Peteski, I love that story! Could be the beginning of an X-Files episode or a sweet/Phantom Tollbooth kind of thing. (Also a cautionary tale about biking in traffic.)

Mike, that experience is also an example of coincidence's cousin, serendipity: "The faculty of making fortunate discoveries by accident." Amazing. I get so jazzed by things like that.

Mr. Peel said...

The summer after I finished 6th grade (this is many years ago, obviously) I was traveling through Europe with my family. We were in Switzerland, in either Geneva or Zurich, and I was walking down the street one day when I heard my name called. It was my elementary school music teacher, also spending the summer visiting Europe.

About four years after graduating high school I was in San Francisco for a few weeks (I'm originally from Westchester County, New York). I was in my car, waiting at a red light downtown late in the afternoon. Suddenly, I head my name spoken. I look around then turn to my left. The guy in the next car over is someone I went to high school with.

One year in Los Angeles I went to a barbecue on the fourth of July and got to meet a particular actress I once had a thing for. The following year, I was working on a screenplay and had another actress in mind for the lead. I joked to a few people that I was going to have to run into that actress at a fourth of July barbecue to keep the streak going. Which is exactly what happened. That one really messed with my head. But I never got her to star in that movie.

Once, years ago, I saw a guy I knew during my teenage years in New York City on the street in Los Angeles. I didn't go up to him. Then about a week later I saw him again. Didn't go up to him. A week after that, I saw him yet again. That time I went up to him and our friendship resumed immediately. Eighteen years later, he's my closest friend. I introduced him to his wife. They have twin girls.

Life is strange.

Peteski said...

Similarly

In the early 80s, I went to visit a friend in Oregon. I met some crazy woman at the Y (who had recently escaped from rehab with Truman Capote and years before was kicked out of the Weather Underground the day before they kidnapped Patty Hearst.) After I got back to NJ, I moved to Hoboken. Start hanging out with a whole new crowd of people. Befriended a local, we became fast friends. A year or two later, he said he met a girl in Manhattan. Yep. Same woman. They got married and had two kids.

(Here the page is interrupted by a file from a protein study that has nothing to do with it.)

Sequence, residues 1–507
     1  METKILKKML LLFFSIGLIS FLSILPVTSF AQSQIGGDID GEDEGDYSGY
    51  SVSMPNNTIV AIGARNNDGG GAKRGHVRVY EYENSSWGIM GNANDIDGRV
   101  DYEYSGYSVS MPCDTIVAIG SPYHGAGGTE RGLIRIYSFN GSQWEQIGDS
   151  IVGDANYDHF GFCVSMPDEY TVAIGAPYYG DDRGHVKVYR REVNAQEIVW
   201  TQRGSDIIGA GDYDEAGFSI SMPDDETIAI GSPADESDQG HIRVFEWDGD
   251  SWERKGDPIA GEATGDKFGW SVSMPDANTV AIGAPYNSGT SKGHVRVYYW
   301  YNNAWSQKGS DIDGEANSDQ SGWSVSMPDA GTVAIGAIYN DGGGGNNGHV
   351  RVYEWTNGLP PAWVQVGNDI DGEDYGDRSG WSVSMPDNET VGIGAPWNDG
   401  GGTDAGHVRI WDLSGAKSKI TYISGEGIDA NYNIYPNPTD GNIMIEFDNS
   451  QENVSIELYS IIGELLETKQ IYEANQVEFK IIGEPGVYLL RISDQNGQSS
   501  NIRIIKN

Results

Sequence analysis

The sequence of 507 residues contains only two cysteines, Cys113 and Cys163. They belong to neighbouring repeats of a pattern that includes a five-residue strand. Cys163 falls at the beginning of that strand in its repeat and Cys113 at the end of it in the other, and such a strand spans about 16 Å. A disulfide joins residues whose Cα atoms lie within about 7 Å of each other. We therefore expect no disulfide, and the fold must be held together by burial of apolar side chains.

M.A.Peel said...

I can't wait to hear what the scientists have to say about all this stuff.

Here's one: When I was studying in Southampton, England, my older brother came to visit me. We went up to London for a few days, stayed in a really obscure bed & breakfast in Bloomsbury. One morning we're down at breakfast, he's facing the door. All of a sudden he's spitting the orange juice he was drinking all over the place.

A guy he played basketball with just walked in the door. He comes over, says hello, with eyebrow arched. The guy knew my brother had a serious girlfriend. Pat quickly clarifies that I am his sister.

It put the fear of god into him: you always have to be doing right, because you NEVER know who you're going to run into.

new yorker in alaska said...

Great blog, M. A. My best coincidence story is when Dave and I were on our honeymoon in Belize, we are sitting in the middle of the rainforest in the middle of nowhere and a couple of other American tourists come up to talk. Turns out one of them went to school at UAF in Fairbanks, AK, Dave's home town, AND he took a biology class from Dave's Dad! Now, I know I can't go anywhere in Fairbanks without running into a stranger who knows Gerry, but Belize? In the rainforest?

TV Noir said...

Try looking at this from another perspective:When you think of all the moments we accumulate in living our lives, over all the years and decades, if things like this DIDN'T occasionally happen, THAT would be strange.

dorki said...

In tune with what TV Noir said, it would be odd that these things did not happen. Random (or maybe chaotic) events are happening all the time. The ones that raise our attention are usually the one that trigger a memory.

As far as "what are the odds?". Sometimes there is no basis by which an odds calculation can be done.

M.A.Peel said...

TV Noir, you're right, in that as we live the "web" that surrounds us grows and grows, on all 3 axes, for every person and place that becomes connected to us. But that doesn't really explain Peteski's experience of being hit on his bicycle a week apart by a husband and wife, or Mike finding the exact odd thing that he needs at the exact moment he needs it.

dorki, I'll be interested to see how the scientists quantify coincidence, and if they do talk in terms of odds.

I still feel a sense of wonder for all these great stories.